The annual mean temperature at the MeteoSwiss measuring station in Zurich (at 556  m above sea level on the slope of the Zürichberg and thus 150 m above the level of the city center) is 8.5 ° C, with -0.5 ° C in January coldest and in July the warmest monthly mean temperatures of 17.6 ° C. On average, 88 days of frost and 26 days of ice can be expected here. There are 30 summer days on average, while there are normally three hot days . These values ​​are relatively low compared to other Central Plateau stations, which can be explained by the altitude of the station. In the Limmat Valley, significantly more summer days and hot days can be expected on average. The Zurich measuring station has an average of 1482 hours of sunshine per year. The 1136 mm of precipitation falls over the whole year, whereby in the summer half year and especially during the three summer months higher amounts are measured than in winter due to the convective precipitation.

The climate is so mild, especially on the Gold Coast from Zollikon via Küsnacht to Meilen, that hemp palms (Ticino palms) and figs grow in the gardens .

Maritime regulation

At the beginning of the 20th century, the fluctuations in the level of Lake Zurich were up to two meters. This often led to flooding near the shore. Today the water level of Lake Zurich is artificially regulated. The regulation does not take place directly at the lake outflow , but almost two kilometers down the Limmat through the so-called Letten or Platzspitz weir of the Letten power plant .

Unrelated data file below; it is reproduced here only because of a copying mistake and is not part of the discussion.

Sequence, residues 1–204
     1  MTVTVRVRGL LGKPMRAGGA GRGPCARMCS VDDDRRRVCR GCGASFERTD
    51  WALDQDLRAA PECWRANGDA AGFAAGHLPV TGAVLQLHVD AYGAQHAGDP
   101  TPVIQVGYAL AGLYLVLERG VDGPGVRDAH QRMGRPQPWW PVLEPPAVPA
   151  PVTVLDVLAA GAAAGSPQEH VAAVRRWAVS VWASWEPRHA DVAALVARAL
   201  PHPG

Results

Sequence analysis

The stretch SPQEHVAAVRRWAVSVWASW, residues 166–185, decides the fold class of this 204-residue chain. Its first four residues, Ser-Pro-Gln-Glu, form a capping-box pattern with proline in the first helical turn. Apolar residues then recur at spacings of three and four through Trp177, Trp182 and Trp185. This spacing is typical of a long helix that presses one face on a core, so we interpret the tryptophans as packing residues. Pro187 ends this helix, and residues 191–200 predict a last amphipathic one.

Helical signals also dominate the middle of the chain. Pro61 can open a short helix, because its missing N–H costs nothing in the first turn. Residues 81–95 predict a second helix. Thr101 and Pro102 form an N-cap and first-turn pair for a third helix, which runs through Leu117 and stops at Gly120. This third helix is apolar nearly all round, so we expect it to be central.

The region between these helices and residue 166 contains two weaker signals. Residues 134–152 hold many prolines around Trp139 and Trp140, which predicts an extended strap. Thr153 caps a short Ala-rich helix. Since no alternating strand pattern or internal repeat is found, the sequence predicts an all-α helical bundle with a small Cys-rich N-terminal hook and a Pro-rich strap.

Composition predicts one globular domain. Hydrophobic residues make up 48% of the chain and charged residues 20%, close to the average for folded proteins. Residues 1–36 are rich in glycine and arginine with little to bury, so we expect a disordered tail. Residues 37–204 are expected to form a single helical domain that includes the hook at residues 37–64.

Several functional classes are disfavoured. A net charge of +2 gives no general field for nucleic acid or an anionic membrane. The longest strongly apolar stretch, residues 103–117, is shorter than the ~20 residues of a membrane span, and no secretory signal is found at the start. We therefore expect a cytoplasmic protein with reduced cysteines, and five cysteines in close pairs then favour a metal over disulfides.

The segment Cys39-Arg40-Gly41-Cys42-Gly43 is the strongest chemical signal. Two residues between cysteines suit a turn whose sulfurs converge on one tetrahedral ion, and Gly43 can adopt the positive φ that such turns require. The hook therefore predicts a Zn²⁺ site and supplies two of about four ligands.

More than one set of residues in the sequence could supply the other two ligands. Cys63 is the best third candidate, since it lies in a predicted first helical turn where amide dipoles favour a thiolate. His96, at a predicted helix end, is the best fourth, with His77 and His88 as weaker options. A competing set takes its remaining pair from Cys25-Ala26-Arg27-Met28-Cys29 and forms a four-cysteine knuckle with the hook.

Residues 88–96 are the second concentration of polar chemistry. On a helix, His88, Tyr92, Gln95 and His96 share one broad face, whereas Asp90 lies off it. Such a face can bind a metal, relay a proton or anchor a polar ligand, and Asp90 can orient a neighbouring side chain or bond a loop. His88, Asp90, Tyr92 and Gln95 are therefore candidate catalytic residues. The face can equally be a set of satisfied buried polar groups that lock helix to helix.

In addition to stabilizing the sea level, sea regulation serves to generate electricity and protect against flooding . The weir system at Platzspitz directs part of the water through the Letten Canal to the power station. The lake level can be artificially lowered before a flood threatens. When the flood event occurs, more water can be retained in the lake. In this way, floods can be prevented or reduced, especially in lower districts and in the Limmat Valley . Even when the Sihl floods, the Letten weir fulfills an important function: it holds back the water from Lake Zurich to give the Sihl water more space. In this way, damage to the city of Zurich, for example flooding of the underground tracks at Zurich main station , can be avoided.

The current roof weir was built between 1949 and 1951 and replaced the needle weir at Platzspitz . The existing weir is to be replaced by a sector weir after 2020 .


Lake Zurich on the Suworow map from 1799
Rapperswil – Hurden wooden footbridge , Rapperswil and the
Bachtel in the background